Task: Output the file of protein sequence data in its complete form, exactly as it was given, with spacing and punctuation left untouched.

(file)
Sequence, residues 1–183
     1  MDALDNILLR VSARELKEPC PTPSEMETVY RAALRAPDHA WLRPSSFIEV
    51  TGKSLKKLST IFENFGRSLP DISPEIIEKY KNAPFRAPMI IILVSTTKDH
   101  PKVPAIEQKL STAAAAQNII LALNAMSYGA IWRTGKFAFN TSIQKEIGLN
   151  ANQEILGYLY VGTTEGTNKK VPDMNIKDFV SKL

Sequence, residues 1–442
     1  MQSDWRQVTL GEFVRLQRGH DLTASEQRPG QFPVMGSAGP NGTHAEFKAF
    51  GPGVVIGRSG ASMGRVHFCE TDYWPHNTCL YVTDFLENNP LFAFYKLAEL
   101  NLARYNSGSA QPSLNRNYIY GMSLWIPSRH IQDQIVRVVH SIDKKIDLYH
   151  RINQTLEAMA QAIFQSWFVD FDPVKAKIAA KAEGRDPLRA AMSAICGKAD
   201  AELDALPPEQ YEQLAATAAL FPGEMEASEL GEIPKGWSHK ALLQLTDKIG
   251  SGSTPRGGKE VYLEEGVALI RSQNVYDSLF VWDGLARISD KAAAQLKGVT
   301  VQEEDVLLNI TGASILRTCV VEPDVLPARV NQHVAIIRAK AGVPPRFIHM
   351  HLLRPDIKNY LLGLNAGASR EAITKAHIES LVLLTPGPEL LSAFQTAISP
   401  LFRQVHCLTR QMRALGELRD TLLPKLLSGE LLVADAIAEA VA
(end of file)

Sequence, residues 1–183
     1  MDALDNILLR VSARELKEPC PTPSEMETVY RAALRAPDHA WLRPSSFIEV
    51  TGKSLKKLST IFENFGRSLP DISPEIIEKY KNAPFRAPMI IILVSTTKDH
   101  PKVPAIEQKL STAAAAQNII LALNAMSYGA IWRTGKFAFN TSIQKEIGLN
   151  ANQEILGYLY VGTTEGTNKK VPDMNIKDFV SKL

Sequence, residues 1–442
     1  MQSDWRQVTL GEFVRLQRGH DLTASEQRPG QFPVMGSAGP NGTHAEFKAF
    51  GPGVVIGRSG ASMGRVHFCE TDYWPHNTCL YVTDFLENNP LFAFYKLAEL
   101  NLARYNSGSA QPSLNRNYIY GMSLWIPSRH IQDQIVRVVH SIDKKIDLYH
   151  RINQTLEAMA QAIFQSWFVD FDPVKAKIAA KAEGRDPLRA AMSAICGKAD
   201  AELDALPPEQ YEQLAATAAL FPGEMEASEL GEIPKGWSHK ALLQLTDKIG
   251  SGSTPRGGKE VYLEEGVALI RSQNVYDSLF VWDGLARISD KAAAQLKGVT
   301  VQEEDVLLNI TGASILRTCV VEPDVLPARV NQHVAIIRAK AGVPPRFIHM
   351  HLLRPDIKNY LLGLNAGASR EAITKAHIES LVLLTPGPEL LSAFQTAISP
   401  LFRQVHCLTR QMRALGELRD TLLPKLLSGE LLVADAIAEA VA